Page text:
I am just back from a little under two weeks in and around Shanghai.
The Great Firewall of China precluded (at least for a casual user such as I who has not mastered the art of internet proxies) any posts while I was there.
With a little difficulty (a craven and admittedly very last-minute request for assistance from the SSO having been met with the proud but not-quite-on-point response that the concert was sold out, as to which more later) I managed to get to hear the SSO’s Shanghai concert.
The program (which had already been given in Beijing and was to be repeated elsewhere) was:
Rachmaninov – Vocalise
Tchaikovsky – Piano Concerto No 1
Prokofiev – Symphony No 5.
Soloist was Behzod Abduraimov and Vladimir Ashkenazy conducted.
D (with whom and his mother I was staying in Shanghai) thought little of my desire to go to this concert, particularly as it necessitated a trip across town earlier in the day to the venue to buy a ticket in person. Why, having coming half way across the world, would I want to squander a day seeing something I could see at home?
The true answer is probably sentiment, coupled with a pathetically tragic element of I-can-blog-this. Aside from that, for the purposes of argument, the reasons and the content of this post can be divided into musical and extra-musical.
Taking the extra-musical first, there is this question of a “sold-out” concert. This may be true from the point of view of the official box office (there were perhaps 7 or 8 tickets for sale when I fronted at about 3 pm) but there is in fact an extensive secondary market, which is to say: touts. I spotted (and you can, too, in the picture below) a posse seemingly permanently encamped with booklets of tickets for numerous events in the afternoon. In the evening, between the metro exit a few hundred metres away and the concert hall, I estimate there were maybe 40 or 50. As a foreigner you are at a bit of a disadvantage in this market, being both presumptively rich and unlikely to walk away and also being unfamiliar with the vendors and with the indicia of an authentic tickets: forgery remaining a kind of sovereign risk. Having secured a ticket (at the top price of 680 rmb – more fool me), I didn’t put it the test, but in the past I have found it possible (preferably as undisclosed principal with a Chinese front man) to get tickets at 40 to 60% discount. I suspect that ticket prices are in truth a bit like airlines’ full fares – few really pay them unless it really is a hot ticket. This must also mean that the intermediaries in this market (ie, the touts) must get their tickets at an even bigger discount for the exercise to be worth their while.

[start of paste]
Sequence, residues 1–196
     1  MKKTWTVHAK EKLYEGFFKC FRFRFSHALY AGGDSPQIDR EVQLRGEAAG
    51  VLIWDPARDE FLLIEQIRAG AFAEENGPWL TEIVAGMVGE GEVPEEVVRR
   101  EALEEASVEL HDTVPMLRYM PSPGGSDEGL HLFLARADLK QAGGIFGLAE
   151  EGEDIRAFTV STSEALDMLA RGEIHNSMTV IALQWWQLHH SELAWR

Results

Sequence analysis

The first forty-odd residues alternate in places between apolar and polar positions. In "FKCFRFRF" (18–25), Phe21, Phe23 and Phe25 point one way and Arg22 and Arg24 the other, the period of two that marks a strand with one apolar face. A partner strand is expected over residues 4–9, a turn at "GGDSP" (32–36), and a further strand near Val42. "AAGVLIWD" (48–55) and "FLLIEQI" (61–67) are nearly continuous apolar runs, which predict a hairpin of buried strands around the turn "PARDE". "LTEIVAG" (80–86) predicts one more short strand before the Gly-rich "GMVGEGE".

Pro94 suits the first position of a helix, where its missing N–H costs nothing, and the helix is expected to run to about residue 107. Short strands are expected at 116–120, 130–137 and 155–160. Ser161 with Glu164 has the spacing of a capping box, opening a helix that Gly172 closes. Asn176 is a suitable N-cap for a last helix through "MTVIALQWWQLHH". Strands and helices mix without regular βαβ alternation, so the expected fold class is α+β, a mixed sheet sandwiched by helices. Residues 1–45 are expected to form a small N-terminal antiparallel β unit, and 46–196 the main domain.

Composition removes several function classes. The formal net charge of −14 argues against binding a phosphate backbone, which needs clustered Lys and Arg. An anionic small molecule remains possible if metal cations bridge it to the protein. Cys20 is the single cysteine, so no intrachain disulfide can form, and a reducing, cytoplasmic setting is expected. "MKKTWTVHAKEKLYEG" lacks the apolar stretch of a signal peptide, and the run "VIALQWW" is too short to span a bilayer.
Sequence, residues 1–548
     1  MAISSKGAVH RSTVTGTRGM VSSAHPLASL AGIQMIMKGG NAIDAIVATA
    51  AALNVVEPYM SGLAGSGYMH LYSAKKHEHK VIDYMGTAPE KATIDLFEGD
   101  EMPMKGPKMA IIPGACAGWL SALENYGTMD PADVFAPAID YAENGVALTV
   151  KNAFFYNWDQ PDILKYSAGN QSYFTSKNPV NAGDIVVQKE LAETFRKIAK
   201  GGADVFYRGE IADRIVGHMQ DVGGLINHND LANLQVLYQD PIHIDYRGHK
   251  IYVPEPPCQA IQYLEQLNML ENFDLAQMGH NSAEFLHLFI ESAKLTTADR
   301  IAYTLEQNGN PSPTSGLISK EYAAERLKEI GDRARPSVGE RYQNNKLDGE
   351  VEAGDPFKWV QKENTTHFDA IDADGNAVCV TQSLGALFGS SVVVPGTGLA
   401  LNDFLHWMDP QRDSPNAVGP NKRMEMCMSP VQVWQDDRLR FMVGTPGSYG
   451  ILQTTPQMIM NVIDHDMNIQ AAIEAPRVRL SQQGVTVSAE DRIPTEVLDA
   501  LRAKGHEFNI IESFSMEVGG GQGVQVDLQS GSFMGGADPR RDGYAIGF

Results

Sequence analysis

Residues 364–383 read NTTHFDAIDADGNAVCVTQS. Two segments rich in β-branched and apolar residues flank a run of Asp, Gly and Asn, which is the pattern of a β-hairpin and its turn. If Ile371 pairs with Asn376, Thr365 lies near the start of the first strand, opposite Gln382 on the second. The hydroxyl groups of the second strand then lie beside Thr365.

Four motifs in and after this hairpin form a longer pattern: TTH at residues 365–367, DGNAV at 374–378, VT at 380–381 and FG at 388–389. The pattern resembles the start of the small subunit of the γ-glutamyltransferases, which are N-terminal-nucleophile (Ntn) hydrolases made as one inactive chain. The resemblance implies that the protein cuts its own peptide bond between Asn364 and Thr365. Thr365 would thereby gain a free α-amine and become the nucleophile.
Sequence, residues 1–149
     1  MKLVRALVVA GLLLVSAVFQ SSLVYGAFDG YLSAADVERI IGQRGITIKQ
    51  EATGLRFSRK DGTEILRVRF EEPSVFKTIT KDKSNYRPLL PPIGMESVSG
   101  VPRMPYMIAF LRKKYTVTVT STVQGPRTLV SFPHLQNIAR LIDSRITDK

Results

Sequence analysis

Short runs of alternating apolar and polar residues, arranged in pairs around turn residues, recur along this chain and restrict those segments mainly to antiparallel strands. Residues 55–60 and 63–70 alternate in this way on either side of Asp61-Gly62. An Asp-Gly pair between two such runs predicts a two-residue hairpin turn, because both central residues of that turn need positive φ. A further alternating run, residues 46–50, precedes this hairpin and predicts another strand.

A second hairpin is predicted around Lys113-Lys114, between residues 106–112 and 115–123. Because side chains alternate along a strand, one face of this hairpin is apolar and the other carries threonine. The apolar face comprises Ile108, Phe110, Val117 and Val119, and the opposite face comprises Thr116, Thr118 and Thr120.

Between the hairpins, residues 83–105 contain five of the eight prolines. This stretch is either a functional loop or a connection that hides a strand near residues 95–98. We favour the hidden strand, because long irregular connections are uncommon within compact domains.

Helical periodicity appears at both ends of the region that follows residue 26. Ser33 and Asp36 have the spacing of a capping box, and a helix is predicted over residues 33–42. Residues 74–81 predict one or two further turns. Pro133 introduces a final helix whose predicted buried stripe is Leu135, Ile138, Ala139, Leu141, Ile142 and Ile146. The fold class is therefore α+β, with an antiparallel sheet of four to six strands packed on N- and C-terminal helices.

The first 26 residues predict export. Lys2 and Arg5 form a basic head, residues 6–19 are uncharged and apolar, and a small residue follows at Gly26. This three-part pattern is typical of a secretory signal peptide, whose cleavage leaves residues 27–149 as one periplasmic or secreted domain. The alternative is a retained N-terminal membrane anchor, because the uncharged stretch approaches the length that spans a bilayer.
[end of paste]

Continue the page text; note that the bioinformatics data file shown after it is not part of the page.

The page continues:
Some things are universal: the cheaper seats (apart from a few opposite the piano and to the side) were pretty well fully occupied. The top-price bloc was much emptier, and given that this included VIPs (including the SSO team: I sat just behind the assistant conductor, Nicholas Carter and [graceless grudge alert] I’d say the official party could well have spared me a seat in their rows) the actual sales of this bloc cannot have exceeded 30%.
The Shanghai Oriental Arts Centre (pictured above), where the concert was held, is in Pudong (literally: on the eastern side (dong) of the Haungpu river), and after the Shanghai Grand Theatre at People’s Square is the city’s No 2 venue (In Beijing the SSO played at the Forbidden City Concert Hall, which is possibly No 2 aeq with the Beijing Concert Hall or maybe No 3). The nominal ticket prices were the venue’s standard prices, and included a 50 rmb price for students. By way of comparison, the top nominal price for the Leipzig Gewandhaus orchestra, playing the next two nights at the SGT with Ricardo Chailly, was 1880 rmb.
There was an x-ray-style baggage search at the entrance. These are now becoming ubiquitous in China. D was stopped on our way into the box office in the afternoon and quizzed about a container of hair-gel he had just bought, which seems a little over the top, whatever the perils of peroxide bombs may be in aircraft.
A recorded announcement (in English and Chinese) broadcast at intervals in the foyer gave instructions on concert etiquette. It included:
- please remain seated during the performance;
- please remain silent during the performance;
- please do not applaud between movements;